The turn of seasons is often an apt time to reflect on the one just been and look ahead to what is to come.
So, as the sun sets on a summer marred by both see-sawing Alert Levels and a country-wide gratitude for freedom, we’re now looking to an autumn and winter of vaccinations, and the benefits that may bring.
Perhaps by the time summer comes again, life might look a little bit more how we remember it, before a pandemic came to town.
The days may be getting dark, but the near future is looking much brighter.
February is a month to savour the last of the long, hot (and sporadically torrentially rainy) days of summer, and – if you haven’t already – start shifting out of holiday mode.
And as we settle into a more business-as-usual approach to life this month, I can’t help but notice topics of health and wellbeing coming to the fore.
In my conversations with colleagues, family and friends of late, there seems to be a renewed vigour for fitness, experimenting with more plant-based meals and trying out meditation and mindfulness techniques.
This of course could be for obvious, pandemic-related reasons – whether that’s a newfound appreciation for the benefits of good health or making the most of lockdown-less freedoms (touch wood).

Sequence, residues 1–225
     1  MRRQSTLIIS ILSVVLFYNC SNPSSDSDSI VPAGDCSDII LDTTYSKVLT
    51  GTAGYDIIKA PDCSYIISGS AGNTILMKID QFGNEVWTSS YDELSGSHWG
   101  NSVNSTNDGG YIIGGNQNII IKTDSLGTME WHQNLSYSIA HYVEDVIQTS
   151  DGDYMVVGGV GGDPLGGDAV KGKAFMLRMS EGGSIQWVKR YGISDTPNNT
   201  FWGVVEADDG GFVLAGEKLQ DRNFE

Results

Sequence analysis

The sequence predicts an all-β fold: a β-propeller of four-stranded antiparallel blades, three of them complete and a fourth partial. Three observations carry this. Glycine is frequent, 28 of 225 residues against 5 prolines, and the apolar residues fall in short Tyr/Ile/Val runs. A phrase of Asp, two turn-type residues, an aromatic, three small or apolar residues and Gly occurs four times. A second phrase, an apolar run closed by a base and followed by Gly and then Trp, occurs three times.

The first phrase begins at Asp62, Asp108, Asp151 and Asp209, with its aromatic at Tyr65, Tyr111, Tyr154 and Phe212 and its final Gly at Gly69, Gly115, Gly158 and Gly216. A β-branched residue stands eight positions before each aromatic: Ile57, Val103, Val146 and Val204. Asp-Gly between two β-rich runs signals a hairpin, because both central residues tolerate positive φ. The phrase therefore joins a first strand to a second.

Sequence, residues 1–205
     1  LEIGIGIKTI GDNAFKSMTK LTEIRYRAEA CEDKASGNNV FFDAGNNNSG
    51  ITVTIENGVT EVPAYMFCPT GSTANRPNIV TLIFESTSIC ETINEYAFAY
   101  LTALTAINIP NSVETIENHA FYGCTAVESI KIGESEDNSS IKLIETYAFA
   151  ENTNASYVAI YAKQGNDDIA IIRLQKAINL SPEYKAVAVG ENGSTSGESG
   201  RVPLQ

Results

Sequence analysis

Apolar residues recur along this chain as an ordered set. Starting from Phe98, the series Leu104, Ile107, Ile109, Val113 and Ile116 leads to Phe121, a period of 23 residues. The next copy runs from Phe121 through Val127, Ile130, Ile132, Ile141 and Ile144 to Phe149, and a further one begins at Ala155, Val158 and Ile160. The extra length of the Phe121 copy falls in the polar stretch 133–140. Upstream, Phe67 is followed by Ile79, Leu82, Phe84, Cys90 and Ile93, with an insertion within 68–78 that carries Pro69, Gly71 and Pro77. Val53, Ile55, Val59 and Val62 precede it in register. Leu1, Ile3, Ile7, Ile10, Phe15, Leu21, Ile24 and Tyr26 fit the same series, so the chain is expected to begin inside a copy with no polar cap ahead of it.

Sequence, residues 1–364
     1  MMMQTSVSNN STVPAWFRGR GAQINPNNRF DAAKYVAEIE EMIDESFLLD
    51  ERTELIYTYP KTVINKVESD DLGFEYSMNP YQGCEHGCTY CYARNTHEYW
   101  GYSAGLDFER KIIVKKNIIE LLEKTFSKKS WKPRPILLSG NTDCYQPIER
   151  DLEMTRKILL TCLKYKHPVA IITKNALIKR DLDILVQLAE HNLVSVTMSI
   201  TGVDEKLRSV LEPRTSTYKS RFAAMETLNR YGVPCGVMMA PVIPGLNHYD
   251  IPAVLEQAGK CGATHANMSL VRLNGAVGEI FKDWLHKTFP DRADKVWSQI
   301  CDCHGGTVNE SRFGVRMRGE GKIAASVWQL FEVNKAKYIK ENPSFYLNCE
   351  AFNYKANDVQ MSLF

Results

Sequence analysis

I am sure it has absolutely nothing to do with the fact I am now safely into my 30s, where I can confirm it is much harder to mask the consequences of overindulgence and under-exercise.
Whatever your reasons for paying attention to your health in 2021, this issue of Metropol hosts an insightful interview with Kiwi actress, and now author, Claire Chitham on page 26, where she shares helpful advice for looking after your health.
There is a healthy dose of other great reads, too, including Lorde’s journey to Antarctica, and interviews with the formidable Palmer sisters, Eve and Grace, on their hilarious new series, Good Grief, and Christchurch-based circus performer Emma Phillips.
Because what better way to boost your mood than reading about the talented and interesting people and businesses who make up our wonderful communities!
In case you hadn’t noticed, it is spring. The blossoms are here (and, so too, are the associated photos), daylight saving has arrived, and the temperatures are creeping up.